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Stricter rules likely to increase insurance, reinsurance pricing: IIS panel


RIO DE JANEIRO—International regulatory changes will bring some advantages to reinsurers, but ultimately they are likely to lead to higher prices for insurance coverage, a panel of reinsurance executives said Wednesday.

While measures such as the European Union's Solvency II regime will put a sharper focus on risk management, which will benefit everyone in the insurance chain, the costs of complying with the conservative capital requirements will be pushed on to insurance consumers, they said.

Solvency II is a new insurance regulatory regime that incorporates stricter capital, risk management and governance requirements for insurance entities in the European Union.

“For reinsurers, it's back to basics because we've been we've been using capital models for a while to measure underwriting risks,” said Pedro de Macedo, chairman and CEO of Mapfre Re, a unit of Mapfre S.A. in Madrid. He spoke Wednesday during a session of the International Insurance Society Seminar in Rio de Janeiro.

The risk management requirements of Solvency II will help insurers and reinsurers better understand their risk profiles, he said.

That could lead to more business for reinsurers, said James E.D. Vickers, chairman of Willis Re International & Specialty in London.

“It will force primary companies to look at risk in a different way and they may buy more reinsurance,” Mr. Vickers said.

For reinsurers to run their businesses properly, they need to match their capital with the risks they are taking on and “we were founded with that concept,” said Neill A. Currie, president and CEO of RenaissanceRe Holdings Ltd. in Pembroke, Bermuda.


He said, though, that while rating agencies were criticized during the financial crisis when rated institutions in the mortgage business had financial problems, the rating agencies “do a pretty good job in the reinsurance business.” In addition, reinsurance is a sophisticated business and cedents can differentiate between the reinsurers in the market, Mr. Currie said.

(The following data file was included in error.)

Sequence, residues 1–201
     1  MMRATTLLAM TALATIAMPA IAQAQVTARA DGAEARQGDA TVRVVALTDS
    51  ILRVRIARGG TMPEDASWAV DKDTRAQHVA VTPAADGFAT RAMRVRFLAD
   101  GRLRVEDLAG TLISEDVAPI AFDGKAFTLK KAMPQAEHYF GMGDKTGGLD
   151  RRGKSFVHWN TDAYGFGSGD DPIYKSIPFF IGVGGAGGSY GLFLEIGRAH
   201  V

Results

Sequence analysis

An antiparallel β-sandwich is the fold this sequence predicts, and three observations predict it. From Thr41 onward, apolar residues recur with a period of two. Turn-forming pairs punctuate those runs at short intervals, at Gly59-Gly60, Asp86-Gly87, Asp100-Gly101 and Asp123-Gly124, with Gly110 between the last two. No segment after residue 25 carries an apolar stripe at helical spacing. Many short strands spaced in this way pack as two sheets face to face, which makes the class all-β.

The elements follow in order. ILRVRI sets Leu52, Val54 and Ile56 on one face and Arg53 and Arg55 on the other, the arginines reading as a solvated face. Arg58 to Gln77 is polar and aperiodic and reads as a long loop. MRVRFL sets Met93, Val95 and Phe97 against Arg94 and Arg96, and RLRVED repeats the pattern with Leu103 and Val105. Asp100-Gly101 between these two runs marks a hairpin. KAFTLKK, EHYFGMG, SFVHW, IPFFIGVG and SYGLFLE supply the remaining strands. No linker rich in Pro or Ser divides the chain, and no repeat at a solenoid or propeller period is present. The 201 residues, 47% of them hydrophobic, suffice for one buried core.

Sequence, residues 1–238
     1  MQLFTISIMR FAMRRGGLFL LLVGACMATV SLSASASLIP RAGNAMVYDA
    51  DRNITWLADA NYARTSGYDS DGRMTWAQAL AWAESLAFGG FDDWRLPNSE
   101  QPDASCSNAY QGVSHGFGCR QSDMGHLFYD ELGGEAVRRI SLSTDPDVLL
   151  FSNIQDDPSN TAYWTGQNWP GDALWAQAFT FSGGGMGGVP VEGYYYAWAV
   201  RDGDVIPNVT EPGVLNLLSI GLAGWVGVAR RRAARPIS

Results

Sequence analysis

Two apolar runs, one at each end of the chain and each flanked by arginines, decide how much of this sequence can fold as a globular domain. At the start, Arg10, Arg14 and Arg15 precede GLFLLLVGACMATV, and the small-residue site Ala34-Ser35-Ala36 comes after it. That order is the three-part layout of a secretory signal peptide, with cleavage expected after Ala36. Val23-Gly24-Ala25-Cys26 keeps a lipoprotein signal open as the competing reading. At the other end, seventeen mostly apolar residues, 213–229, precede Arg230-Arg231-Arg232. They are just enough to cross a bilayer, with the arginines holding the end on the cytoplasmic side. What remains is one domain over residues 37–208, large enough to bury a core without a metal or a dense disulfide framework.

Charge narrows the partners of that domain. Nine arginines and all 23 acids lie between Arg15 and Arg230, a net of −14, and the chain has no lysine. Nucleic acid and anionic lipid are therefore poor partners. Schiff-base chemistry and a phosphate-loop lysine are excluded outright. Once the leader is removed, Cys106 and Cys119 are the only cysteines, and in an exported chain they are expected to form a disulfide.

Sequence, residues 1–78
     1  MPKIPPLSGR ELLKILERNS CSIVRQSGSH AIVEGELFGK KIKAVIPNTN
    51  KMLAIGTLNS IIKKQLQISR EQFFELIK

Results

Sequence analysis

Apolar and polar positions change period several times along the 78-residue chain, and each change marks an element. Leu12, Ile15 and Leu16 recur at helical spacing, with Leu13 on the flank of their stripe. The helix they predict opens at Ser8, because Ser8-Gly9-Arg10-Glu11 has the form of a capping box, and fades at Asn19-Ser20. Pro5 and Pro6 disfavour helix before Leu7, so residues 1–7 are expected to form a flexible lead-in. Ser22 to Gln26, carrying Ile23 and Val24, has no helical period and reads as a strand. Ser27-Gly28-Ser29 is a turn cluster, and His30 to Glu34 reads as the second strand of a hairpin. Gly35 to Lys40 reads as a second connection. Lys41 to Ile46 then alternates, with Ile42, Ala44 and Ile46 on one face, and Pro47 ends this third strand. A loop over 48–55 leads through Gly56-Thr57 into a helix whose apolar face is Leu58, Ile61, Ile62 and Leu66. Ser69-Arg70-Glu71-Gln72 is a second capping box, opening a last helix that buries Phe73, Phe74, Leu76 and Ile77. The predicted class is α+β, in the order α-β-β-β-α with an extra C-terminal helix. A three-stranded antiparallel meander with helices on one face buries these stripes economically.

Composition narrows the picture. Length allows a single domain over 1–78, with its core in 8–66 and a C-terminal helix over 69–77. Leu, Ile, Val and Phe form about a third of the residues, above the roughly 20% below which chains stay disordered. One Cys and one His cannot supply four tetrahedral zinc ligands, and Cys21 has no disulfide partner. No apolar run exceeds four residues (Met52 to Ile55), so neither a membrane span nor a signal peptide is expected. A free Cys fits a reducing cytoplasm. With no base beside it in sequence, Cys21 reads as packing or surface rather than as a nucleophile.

Solvency II has implications for reinsurers outside the European Union, noted Joseph E. Consolino, president and chief financial officer of Validus Holdings Ltd. in Pembroke, Bermuda.

“Operating in Bermuda, Solvency II is very much a reality for us; so whether it’s good, bad or indifferent, we have to be involved,” he said. It’s very important for Bermuda-based reinsurers that Bermuda is classified as an equivalent regime to avoid complex regulatory challenges for the companies domiciled there and operating internationally, he said.

While Solvency II will have some benefits, “maybe it has gone a bit too far in terms of complexity,” said Mr. Macedo of Mapfre. “We could end up having more people controlling business than practicing business.”

And higher capital requirements that will result from the regime are likely to lead to higher premium rates as reinsurers and insurers pass on the associated costs to their policyholders, he said.

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